The Life of the Blessed Virgin Mary As Set Forth in Her Litany – Holy Virgin of Virgins

“Blessed art thou among women” (Luke 1:28). Mary, ever virgin, is the blessed among women, of whom the prophet Isaias, some seven hundred years prior to her day, announced: “Behold a Virgin shall conceive and bring forth a Son, and His name shall be called Emmanuel” (Isaias 7:14). “He shall be great, and shall be called the Son of the Most High; and the Lord God shall give unto Him the throne of David His father; and He shall reign in the house of Jacob forever. And of His kingdom there shall be no end” (Luke 1:32,33). In God’s own time, He sent the Angel Gabriel to the Virgin Mary, to announce to her, that she should conceive in her womb and bring forth a son. “How shall I become a mother,” said Mary to the Angel, “for I have consecrated myself to God; I have taken a vow of virginity; I wish to continue faithful to my promises; I am a virgin, and I desire to remain a virgin!” How Mary loved her virginity! How she cherished the beauty of her pure soul! She preferred the loveliness of her most chaste heart to the honor albeit wondrous, of becoming the Mother of God, if she should lose it, even though it be to enjoy such a glorious privilege.

Mary was the first of all women to consecrate her virginity to God. Without being bound by any precept, counsel or example, she made the offering of herself to the Almighty, and in so doing, became the Virgin of Virgins, the Mother of Virgins, who, following her example, take upon themselves to live in this holy, happy and exalted state.

It was only on the condition that she should remain a virgin, that Mary would give her consent to become the Mother of the Saviour. The Angel assured her that she would remain a virgin always, for: “The Holy Ghost shall come upon thee, and the power of the Most High shall overshadow thee, and, therefore, also the Holy One who shall be born of thee shall be called the Son of God” (Luke 1:36).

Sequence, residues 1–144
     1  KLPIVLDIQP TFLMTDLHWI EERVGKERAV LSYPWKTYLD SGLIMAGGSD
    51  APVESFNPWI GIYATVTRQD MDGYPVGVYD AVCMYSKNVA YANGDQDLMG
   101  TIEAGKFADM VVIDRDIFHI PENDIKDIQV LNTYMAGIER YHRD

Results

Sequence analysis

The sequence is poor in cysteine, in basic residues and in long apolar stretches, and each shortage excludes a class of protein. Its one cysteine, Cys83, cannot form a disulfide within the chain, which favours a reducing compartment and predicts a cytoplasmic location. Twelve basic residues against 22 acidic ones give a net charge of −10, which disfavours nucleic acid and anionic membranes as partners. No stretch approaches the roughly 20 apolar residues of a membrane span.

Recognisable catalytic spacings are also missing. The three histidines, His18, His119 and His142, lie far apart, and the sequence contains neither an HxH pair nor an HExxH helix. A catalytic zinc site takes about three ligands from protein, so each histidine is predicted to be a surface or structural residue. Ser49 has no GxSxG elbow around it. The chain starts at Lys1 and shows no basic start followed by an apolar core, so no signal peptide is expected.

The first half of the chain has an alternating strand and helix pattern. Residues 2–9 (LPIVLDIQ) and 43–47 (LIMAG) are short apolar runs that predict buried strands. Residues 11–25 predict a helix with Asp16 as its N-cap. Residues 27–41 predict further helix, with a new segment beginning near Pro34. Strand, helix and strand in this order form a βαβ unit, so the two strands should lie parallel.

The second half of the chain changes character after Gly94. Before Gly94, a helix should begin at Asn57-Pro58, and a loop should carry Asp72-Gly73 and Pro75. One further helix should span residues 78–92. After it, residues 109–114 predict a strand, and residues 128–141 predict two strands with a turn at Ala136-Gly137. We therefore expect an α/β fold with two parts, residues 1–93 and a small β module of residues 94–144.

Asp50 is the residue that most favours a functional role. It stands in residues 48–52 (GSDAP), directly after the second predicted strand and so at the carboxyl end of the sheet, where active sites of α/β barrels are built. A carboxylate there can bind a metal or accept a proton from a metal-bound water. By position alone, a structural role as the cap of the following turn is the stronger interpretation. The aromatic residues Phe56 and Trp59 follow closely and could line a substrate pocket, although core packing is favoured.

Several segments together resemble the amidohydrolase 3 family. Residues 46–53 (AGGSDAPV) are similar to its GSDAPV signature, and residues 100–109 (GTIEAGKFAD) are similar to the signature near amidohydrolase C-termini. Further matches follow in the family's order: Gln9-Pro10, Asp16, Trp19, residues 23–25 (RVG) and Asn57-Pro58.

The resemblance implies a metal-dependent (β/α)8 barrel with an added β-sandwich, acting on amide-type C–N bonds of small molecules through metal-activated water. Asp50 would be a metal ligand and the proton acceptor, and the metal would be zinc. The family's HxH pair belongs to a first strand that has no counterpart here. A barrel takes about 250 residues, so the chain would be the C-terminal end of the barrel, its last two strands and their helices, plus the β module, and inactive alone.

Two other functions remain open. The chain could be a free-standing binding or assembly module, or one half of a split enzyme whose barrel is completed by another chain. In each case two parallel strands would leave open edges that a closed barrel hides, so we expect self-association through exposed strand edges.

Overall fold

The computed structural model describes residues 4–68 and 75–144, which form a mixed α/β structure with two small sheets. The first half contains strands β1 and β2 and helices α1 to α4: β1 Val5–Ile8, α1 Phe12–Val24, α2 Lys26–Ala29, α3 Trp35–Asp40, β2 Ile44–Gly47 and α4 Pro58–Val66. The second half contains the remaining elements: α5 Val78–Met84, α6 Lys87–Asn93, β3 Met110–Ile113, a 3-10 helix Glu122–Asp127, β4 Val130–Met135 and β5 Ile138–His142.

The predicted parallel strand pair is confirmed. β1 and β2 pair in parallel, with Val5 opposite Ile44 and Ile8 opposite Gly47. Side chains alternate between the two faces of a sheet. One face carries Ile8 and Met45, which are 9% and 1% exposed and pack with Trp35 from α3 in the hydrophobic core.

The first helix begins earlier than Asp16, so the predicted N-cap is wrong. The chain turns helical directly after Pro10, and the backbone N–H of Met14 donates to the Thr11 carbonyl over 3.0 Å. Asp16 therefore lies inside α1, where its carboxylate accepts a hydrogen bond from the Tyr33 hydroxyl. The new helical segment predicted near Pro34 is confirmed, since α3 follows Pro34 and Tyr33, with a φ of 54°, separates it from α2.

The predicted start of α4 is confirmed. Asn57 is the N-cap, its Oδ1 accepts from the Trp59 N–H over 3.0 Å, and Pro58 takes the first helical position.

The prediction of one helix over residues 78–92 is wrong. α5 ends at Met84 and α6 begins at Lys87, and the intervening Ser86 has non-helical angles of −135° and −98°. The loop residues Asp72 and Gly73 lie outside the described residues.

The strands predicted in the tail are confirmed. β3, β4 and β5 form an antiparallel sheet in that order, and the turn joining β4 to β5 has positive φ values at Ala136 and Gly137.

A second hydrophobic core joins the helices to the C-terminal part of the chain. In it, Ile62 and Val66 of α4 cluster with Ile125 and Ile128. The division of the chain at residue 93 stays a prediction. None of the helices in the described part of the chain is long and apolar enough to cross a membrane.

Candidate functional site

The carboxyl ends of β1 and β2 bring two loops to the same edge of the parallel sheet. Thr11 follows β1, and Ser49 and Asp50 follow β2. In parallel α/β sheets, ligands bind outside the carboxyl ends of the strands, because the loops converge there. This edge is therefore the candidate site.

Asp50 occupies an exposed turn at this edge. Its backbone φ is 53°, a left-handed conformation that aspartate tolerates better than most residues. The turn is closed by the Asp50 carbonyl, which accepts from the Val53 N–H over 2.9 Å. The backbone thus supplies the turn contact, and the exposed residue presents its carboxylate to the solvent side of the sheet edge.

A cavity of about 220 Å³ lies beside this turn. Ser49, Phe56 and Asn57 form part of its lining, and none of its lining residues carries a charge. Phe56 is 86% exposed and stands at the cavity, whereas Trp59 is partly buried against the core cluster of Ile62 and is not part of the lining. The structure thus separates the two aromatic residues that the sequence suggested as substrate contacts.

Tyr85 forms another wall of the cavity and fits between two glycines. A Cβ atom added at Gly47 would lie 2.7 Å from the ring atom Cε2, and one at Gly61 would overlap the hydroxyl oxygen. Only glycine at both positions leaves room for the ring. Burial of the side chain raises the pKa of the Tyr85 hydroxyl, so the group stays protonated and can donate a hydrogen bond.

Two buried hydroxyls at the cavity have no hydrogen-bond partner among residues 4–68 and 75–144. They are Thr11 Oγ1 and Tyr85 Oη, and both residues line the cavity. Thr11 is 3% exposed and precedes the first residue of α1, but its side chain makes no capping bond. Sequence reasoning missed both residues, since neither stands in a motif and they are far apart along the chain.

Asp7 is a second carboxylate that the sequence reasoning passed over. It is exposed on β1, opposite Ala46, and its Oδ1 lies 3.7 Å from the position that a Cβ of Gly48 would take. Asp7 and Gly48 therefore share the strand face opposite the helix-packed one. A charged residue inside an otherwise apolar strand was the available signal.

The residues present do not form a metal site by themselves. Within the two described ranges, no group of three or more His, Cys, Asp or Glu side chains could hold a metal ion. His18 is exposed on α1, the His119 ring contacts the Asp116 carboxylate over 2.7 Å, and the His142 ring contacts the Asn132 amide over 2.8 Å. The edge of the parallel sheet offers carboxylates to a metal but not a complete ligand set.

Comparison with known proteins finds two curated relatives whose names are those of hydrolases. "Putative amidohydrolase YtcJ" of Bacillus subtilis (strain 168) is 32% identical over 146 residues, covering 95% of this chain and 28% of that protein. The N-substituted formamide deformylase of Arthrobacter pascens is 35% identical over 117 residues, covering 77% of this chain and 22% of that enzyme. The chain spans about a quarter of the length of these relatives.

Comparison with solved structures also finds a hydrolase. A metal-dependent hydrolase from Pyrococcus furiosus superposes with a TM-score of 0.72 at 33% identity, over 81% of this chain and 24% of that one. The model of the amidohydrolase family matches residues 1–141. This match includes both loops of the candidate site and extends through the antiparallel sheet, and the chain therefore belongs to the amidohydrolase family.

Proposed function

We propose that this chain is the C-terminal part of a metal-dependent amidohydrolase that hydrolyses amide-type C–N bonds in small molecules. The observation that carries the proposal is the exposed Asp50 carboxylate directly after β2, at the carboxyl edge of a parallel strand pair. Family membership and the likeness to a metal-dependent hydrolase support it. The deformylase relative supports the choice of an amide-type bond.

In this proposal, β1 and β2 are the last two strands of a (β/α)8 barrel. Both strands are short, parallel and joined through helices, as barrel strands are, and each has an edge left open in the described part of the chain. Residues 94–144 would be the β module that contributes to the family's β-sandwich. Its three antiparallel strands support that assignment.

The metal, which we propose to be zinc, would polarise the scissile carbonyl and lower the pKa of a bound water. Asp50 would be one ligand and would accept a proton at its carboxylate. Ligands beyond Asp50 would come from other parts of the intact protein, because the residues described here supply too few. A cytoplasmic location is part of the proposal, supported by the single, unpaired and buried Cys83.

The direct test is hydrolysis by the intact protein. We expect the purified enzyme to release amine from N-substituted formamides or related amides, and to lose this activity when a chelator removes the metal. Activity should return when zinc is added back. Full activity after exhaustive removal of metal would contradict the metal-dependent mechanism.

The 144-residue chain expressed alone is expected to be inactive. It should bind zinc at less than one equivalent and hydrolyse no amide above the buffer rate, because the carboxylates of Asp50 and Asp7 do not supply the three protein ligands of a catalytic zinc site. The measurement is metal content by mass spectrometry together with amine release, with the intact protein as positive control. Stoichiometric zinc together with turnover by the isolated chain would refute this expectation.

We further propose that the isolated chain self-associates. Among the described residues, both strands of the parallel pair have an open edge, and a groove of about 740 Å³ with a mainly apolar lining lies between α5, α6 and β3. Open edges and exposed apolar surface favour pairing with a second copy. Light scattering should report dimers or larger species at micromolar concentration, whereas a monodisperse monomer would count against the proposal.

With the assurance that she would not place in jeopardy her virginity, the Virgin of Virgins exclaimed: “Behold the handmaid of the Lord; be. it done to me according to thy word” (Luke 1:38). Mary conceived and brought forth a Son, without the loss of her virginity. Jesus Christ, the Redeemer, was born of her, having regard to her virginity, wherein she eclipsed the purity of the Angels.

“I am,” says the Virgin Mary, prefigured by the spouse of the Canticles, “the flower of the field, and the lily of the valleys” (Canticle 2:1).

Of her, it is said, in the book of Wisdom: “She is a vapour of the power of God, and a certain pure emanation of the glory of the Almighty God, and, therefore, no defiled thing comes into her.”

“For she is the brightness of eternal light, and the unspotted mirror of God’s majesty, and the image of His goodness” (Wisdom 7:25,26).

For she is the Immaculate from her Conception. She is without spot, the fairest flower of the field, the whitest and purest lily of the valleys.

This is the Virgin spoken of by the Prophets, whose beauty of body and soul dims tbe loveliness and purity of the brightest angels. She is the Virgin before whom the archangel prostrated himself. She is that Virgin of Virgins whom all generations shall call blessed.